Rendering Engine – It’s like the browser’s painter, transforming HTML code into the visual elements you see, like turning a <b> tag into bold text. 

User Interface – This is the visual presentation of controls in the browser, for instance, the back and forward buttons, bookmarks, and all chrome that appears around the main browser window where web pages display. 

JavaScript Engine – This sophisticated tool reads, interprets, executes JavaScript code, and then presents the calculated results. 

Network Layer – This is a function of the browser for managing online communications like securing information (encryption), handling webpage requests (HTTP and FTP requests), and ensuring smooth networking operations including timeouts and HTTP status codes. 

Storage – This is the browser’s virtual memory, holding onto everything from cached files and cookies to JavaScript-created data and objects 

Operating System Interface – It’s the browser’s conduit to the operating system, aiding in creating various page elements such as drop-down boxes, as well as managing window functionalities like close, maximize, and minimize commands. 

Let’s Focus on the Rendering Engine 

The rendering engine is very important as it displays what you see on your screen. It communicates with the networking layer of the browser to grab HTML code and other items passed from a remote server. Then it follows these steps:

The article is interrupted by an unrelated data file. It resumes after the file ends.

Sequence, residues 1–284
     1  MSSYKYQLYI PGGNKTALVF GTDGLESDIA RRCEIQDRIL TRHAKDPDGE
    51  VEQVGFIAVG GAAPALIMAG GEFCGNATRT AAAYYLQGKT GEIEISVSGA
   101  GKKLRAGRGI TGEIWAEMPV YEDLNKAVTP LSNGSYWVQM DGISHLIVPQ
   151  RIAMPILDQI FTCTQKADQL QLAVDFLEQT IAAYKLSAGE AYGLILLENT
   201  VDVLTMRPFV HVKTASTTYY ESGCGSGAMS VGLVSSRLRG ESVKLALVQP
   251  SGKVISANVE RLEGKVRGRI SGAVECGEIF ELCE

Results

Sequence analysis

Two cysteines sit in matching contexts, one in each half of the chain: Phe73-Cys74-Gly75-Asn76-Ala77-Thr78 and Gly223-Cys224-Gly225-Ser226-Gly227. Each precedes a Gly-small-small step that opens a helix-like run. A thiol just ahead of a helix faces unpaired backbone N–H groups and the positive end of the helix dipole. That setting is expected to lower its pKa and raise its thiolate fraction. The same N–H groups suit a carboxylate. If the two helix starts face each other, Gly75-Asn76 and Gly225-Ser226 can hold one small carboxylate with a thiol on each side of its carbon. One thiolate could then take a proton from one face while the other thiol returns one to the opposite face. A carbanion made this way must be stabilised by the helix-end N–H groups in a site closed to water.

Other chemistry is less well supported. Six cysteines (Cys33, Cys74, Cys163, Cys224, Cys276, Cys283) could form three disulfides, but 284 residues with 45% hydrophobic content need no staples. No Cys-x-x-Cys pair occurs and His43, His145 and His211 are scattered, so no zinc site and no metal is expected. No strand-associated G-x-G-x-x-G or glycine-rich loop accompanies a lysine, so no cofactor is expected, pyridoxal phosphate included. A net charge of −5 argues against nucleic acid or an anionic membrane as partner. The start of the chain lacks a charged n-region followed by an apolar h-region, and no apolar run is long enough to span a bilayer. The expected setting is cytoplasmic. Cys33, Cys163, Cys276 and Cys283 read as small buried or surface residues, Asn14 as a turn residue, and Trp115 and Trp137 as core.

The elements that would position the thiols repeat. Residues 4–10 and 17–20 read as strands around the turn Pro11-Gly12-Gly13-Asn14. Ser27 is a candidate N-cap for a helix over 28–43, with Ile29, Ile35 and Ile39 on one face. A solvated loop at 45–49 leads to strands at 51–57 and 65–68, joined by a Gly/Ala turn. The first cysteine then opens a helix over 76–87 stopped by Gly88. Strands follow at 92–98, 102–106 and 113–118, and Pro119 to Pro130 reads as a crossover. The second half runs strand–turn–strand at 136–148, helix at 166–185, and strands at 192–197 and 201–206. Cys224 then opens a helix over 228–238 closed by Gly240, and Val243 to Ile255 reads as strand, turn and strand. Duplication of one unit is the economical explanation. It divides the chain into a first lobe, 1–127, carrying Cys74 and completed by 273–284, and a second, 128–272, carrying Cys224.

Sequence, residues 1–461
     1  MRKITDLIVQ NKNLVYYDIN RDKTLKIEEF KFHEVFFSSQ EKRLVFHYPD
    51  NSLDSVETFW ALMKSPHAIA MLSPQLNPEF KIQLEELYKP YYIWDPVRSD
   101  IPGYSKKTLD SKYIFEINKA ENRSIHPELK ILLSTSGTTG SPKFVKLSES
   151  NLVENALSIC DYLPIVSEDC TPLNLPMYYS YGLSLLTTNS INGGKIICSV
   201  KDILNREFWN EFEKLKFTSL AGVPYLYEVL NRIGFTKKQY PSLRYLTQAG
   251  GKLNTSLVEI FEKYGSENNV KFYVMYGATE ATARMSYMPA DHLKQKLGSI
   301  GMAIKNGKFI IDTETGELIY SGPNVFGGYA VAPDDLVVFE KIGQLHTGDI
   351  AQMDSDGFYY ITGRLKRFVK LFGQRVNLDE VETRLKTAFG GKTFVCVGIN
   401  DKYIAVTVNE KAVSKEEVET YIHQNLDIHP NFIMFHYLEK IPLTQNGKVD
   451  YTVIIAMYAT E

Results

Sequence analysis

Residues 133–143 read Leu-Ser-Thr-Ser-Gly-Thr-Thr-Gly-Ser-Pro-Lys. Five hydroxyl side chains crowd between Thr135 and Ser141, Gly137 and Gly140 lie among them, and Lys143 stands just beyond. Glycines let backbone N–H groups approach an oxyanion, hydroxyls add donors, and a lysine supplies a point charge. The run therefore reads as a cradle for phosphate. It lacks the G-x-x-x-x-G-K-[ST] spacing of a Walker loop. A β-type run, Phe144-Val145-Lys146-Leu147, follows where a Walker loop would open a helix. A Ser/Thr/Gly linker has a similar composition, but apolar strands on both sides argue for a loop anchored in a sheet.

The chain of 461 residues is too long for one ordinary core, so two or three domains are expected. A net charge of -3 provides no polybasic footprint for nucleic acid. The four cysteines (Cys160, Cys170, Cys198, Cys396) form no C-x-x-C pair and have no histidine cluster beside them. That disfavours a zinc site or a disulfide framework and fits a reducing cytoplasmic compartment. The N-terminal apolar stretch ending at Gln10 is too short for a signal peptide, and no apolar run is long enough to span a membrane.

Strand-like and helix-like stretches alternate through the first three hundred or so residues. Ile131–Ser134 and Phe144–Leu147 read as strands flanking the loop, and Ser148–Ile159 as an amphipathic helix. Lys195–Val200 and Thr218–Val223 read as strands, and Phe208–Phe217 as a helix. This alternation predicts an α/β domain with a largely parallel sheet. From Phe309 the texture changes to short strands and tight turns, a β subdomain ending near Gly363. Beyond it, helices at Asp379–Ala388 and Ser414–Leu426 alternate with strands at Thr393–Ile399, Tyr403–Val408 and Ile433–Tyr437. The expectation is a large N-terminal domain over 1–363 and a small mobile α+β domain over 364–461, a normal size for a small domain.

How Web Browswers Work 3

1. Parsing HTML and creating the DOM Tree – HTML is a hierarchal structure that begins with a <html> tag, usually contains a <head> and <body> tag and elements can be nested within elements. These HTML elements are parsed and turned into a “DOM tree” by the rendering engine. It is a tree-like structure made from HTML, where each tag is a branch starting at the root element.

How Web Browsers Work 4
Figure 1: An example of a DOM tree 

2. Render Tree Construction – This step is like picking out the outfit for each member of the family. It takes the style details (CSS attributes) and combines them with the DOM tree to create a “render tree”. This tree is a catalog of visual elements like size, shape, and color, arranged in the order they need to appear on the screen.